Typography in Art
If you search for ‘typography and art’ on google you’ll find mostly images that don’t qualify as Art. Mostly the search returns faces and love hearts made of song lyrics. Not the most creative stuff, but for the most part they look good. Don’t worry I’m not going to try and define Art (capital ‘A’) in a short blog post and rag on art (lower case ‘a’), rather I’m going to share with you what I would like to find when I do this search and why.
My first experience with letters and symbols being used to make art was with ascii on bulletin board systems, newsgroups and IRC. I tried it out myself and created a few little drawings. Most ascii-art tends to be silly and fun, but sometimes you’ll come across something more along the lines of fine art. It’s possible to use any medium to express yourself, ascii is no exception. The example shown here is the type of image one might produce in a drawing class in art college or at art classes with a local artist. The same principles of drawing light and shade, use of perspective and negative space and be easily applied. The medium also have it’s own nuances and syntax that can contribute to an artwork. I’d expect to see a few example of this art form on the results because it’s a digital medium, native to the internet, even if it’s not common to a gallery or available to study in an art college.
Graphic Design experiments
I’m okay with experiments with typography, we should all do it and not be afraid to try new things. Even if what we’re trying is not very useful we can treat it like a concept that can be used to influence other work. One google result which I’ve found to be in a few blogs is a gun image created from type. It’s well executed. Albeit not the sort of thing I’d expect to see curated for exhibition but a very effective use of type in graphic design.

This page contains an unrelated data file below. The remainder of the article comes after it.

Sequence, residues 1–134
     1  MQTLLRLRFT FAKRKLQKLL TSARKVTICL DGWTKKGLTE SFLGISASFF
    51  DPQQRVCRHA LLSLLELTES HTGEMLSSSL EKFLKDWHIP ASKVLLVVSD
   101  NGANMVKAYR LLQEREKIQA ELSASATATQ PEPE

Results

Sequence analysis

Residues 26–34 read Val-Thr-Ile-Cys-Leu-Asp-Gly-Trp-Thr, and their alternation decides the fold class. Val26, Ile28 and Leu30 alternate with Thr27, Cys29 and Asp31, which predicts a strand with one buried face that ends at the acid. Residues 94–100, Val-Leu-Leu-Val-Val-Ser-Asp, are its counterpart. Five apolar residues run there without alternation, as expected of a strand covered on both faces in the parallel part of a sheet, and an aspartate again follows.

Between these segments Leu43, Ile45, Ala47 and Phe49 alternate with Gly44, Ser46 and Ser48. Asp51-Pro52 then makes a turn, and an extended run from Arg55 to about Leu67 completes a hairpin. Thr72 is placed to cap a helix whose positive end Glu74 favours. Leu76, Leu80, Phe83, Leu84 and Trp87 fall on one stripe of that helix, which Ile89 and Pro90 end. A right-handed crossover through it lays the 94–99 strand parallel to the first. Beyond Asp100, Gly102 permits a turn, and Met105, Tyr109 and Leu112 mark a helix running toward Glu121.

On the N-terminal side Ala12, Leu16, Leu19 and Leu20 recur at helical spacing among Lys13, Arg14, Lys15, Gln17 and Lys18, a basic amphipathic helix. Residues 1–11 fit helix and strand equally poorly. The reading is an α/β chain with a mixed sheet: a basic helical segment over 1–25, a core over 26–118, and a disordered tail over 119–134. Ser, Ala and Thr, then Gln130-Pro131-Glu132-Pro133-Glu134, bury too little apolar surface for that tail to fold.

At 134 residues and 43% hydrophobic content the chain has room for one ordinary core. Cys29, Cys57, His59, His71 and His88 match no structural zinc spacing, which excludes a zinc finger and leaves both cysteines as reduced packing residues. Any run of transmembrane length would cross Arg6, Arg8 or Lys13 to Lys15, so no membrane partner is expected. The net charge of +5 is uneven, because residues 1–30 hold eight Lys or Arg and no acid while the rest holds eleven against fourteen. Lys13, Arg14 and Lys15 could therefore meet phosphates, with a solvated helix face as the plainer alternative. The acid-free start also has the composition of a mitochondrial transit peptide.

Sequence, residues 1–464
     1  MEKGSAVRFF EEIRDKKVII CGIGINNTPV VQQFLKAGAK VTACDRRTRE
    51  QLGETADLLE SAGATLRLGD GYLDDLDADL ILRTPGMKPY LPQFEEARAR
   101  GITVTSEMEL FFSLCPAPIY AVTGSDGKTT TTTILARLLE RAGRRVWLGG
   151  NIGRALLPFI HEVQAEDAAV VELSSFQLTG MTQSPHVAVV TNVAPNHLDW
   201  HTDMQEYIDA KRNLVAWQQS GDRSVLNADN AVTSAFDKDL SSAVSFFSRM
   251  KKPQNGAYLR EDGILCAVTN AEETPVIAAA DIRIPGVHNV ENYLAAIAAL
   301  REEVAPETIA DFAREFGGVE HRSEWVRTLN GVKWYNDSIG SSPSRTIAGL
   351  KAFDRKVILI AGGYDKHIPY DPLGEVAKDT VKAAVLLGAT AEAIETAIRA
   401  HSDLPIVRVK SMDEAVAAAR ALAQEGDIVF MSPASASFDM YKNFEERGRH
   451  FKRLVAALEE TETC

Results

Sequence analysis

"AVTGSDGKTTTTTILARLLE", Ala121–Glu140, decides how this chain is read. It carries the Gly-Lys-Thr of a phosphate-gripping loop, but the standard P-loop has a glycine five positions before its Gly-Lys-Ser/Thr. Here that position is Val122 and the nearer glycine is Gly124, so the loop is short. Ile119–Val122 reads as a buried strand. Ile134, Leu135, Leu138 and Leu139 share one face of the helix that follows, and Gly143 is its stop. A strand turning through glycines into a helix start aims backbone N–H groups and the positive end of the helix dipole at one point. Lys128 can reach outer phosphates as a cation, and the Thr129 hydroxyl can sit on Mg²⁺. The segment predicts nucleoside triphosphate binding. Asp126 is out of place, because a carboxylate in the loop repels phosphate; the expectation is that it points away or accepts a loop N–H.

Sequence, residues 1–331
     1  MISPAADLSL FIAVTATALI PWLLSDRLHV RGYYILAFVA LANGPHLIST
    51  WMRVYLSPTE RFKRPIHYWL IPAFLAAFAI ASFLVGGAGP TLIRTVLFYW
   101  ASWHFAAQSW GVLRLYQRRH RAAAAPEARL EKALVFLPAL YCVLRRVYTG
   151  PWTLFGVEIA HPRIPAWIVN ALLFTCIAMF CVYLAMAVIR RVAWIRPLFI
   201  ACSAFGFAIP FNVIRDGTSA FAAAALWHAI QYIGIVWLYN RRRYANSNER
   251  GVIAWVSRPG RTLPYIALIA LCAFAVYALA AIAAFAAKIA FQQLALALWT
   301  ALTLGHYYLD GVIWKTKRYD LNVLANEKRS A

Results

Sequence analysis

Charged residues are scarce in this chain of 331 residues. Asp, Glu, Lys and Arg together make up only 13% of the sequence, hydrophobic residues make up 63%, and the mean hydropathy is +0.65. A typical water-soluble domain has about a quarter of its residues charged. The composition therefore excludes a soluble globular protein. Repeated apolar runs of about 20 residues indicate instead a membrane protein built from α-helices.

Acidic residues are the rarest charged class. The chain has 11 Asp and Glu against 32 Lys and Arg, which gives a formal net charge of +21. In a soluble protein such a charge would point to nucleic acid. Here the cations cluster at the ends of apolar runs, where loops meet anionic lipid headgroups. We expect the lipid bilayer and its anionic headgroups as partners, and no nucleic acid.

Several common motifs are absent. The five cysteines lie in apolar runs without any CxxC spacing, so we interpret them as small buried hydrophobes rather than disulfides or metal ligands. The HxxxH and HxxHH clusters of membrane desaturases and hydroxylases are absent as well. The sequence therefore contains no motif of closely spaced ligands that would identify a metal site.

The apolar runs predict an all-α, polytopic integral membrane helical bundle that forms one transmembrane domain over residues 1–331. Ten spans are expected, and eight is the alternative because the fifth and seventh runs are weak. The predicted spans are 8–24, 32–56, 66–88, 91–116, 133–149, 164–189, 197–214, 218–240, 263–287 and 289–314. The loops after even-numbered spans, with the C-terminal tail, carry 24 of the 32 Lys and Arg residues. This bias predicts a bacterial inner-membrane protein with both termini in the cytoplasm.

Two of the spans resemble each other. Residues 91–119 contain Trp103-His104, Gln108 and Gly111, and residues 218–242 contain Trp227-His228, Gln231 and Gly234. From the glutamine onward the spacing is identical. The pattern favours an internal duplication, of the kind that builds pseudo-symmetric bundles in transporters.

Installations using Type
Down the road from where I went to art college a text-based artwork is installed in the environment. The work is by Sebastian Moody, an Australian artist. This work was commission by the South bank corporation (a region in Northern Australia) under a scheme called “Art Built-in South bank“. It is a great example of a strong use of environmental text.
- The colour is bold
- The chosen paint has withstood many years of harsh sun
- The typeface is strong and visible from a distance
- Limited number of words
- The word choice is literal of itself and metaphorical of it environment
Throughout the seasons vines and weeds grow and decay in the gaps on the wall and beneath the text adding another layer of meaning to the work.
Around the time that the old Institute of Modern art in Brisbane closed this piece from Moody appeared on the facade of the old building.
This more recent work of Moody’s continues to show how his works play off their environment. Their placement, context, form, typeface, colour and connotation all work together to turn typography into art.
I would most certainly expect to have found Scott Redford in my search results. His works often incorporate text, the example below is an installation from the IMA in a exhibition called Bricks Are Heavy. The work uses text, a photo and found objects. Finding an image like this is very likely to influence me when working on a website or other such products that uses images and text. To look for reference material directly from the pool in which your product will be swimming won’t get a cutting edge result. This should be hit #1 on google when you search Art and Typography.